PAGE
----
Poster Topical Area: Maternal, Perinatal and Pediatric Nutrition
Location: Hall D
Poster Board Number: 257
The aim was to evaluate growth parameters in full term infants who received infant formula containning different protein concentrations compared with infants exclusively breastfeed during the first 4 months of life.
Healthy full-term infants (n=308) participated in a randomized, single blind, controlled trial. Of the 308 infants, a total of 96 were randomized to receive one of three infant formulas differing only in the amount of protein 1) Infants feed Low Protein Formula (IF-LP: 1.3g protein/dL) (n=18); 2) Infants feed a Very Low Protein Formula (IF-VLP: 1.0 g protein/dL) (n=16); and 3) Infants feed a Standard Protein Formula IF-SP: 1.5 protein/dL) (n=24). An additional group of Infants who received exclusively breastmilk (HM: 0.8-1.0 g protein/dL) (n=82). Weight, length and head circumference were evaluated at baseline, and every month for 4 months. Growth velocity included: weight gain (g/day), length (cm/month), and head circumference (cm/month), and was calculated considering rate of change from baseline to day 120. Weight-for-age z-score (WAZ), weight-for-length z-score (WLZ), length-for-age z-score (LAZ), head circumference‐for‐age z‐score (HCAZ) and body mass index-for-age z-score (BMIAZ) were calculated with WHO 2006 Child Growth Standard and compared with HM group by analysis of variance (ANOVA and ANCOVA) adjusted by initial value.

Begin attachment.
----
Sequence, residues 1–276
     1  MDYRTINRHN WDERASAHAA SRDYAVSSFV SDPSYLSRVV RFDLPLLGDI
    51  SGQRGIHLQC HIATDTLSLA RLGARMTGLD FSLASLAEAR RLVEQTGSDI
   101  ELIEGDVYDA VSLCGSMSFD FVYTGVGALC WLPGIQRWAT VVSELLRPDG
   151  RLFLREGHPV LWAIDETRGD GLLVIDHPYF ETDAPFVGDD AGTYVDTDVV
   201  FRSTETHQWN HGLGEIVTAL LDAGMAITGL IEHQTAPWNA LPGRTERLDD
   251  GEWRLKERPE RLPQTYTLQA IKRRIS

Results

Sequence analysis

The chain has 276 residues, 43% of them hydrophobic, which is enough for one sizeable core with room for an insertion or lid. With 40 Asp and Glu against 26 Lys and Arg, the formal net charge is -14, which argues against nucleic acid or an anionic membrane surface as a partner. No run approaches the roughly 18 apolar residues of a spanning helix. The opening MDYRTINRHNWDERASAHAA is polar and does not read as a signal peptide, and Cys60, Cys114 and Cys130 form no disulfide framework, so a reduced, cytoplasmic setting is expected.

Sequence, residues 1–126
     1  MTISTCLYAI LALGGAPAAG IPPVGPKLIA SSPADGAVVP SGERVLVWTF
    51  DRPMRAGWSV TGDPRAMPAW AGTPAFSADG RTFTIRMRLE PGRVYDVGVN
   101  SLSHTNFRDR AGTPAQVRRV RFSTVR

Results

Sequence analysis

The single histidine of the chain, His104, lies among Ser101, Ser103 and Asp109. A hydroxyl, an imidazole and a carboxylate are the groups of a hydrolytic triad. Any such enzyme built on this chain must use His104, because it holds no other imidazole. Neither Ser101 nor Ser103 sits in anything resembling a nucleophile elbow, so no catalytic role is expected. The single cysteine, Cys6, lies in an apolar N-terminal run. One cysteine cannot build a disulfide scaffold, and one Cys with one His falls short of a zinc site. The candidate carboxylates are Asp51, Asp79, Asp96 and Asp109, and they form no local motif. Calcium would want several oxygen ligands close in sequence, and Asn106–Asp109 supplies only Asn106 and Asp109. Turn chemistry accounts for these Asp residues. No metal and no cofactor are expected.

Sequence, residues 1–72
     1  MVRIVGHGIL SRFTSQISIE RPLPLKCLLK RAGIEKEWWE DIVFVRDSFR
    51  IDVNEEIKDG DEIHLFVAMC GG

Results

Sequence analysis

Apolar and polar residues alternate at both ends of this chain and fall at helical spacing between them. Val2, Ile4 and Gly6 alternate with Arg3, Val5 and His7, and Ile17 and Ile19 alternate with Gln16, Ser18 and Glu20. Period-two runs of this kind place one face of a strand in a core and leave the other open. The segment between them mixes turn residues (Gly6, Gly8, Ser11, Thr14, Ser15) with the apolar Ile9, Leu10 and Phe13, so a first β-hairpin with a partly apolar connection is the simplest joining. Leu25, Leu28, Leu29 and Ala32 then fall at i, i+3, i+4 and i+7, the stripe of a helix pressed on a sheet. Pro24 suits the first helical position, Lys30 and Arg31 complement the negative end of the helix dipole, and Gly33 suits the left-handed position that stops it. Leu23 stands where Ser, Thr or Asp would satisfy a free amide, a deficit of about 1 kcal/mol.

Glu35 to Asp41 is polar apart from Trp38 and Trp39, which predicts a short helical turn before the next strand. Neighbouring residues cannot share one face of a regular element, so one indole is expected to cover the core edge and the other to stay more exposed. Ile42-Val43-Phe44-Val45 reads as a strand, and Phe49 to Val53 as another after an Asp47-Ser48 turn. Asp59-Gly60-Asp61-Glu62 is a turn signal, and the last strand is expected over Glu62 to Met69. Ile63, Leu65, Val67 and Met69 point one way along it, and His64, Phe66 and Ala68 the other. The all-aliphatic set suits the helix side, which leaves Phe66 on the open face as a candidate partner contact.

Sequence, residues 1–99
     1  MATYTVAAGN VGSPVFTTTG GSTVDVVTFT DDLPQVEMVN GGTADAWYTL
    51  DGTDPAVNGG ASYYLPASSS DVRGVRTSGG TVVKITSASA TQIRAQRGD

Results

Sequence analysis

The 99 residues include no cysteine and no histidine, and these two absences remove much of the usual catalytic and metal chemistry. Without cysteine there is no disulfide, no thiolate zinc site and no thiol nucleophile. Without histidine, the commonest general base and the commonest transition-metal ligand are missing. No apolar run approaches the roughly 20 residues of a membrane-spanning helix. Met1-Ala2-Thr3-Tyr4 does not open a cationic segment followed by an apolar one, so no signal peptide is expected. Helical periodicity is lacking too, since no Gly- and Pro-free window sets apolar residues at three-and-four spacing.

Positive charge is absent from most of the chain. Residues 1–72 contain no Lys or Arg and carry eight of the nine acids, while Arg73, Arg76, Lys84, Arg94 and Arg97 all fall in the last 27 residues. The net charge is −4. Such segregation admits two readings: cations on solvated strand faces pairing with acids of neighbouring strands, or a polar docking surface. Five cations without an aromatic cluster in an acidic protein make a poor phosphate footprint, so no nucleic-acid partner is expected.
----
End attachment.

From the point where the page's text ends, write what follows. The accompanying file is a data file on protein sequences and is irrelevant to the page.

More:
A total of 140 infants completed the study (45.5%). Mean age at baseline was 19.7 ±12.1 days. There were no significant differences among groups in adjusted changes in weight, length and head circumference after 4 months (table 1). There were no differences among groups in WLZ, LAZ, HCAZ and BMIAZ after 4 months. WAZ in breastfeed group were similar to infant formulas with different concentration of protein. Weight gain in breastfeed group and IF-VLP were similar and both were significantly lower than IF-LP and IF-CSP groups (table 2).
In conclusion, no difference in growth was found among the groups feed different protein concentrations in infants feed with infant formulas during the first 4 months of life. An infant formula containing 1.0 g of protein per dL promotes weight gain and normal growth in full-term infants similar to exclusively breast feed infants.
Universidad Autonoma de Queretaro
Queretaro, Queretaro de Arteaga, Mexico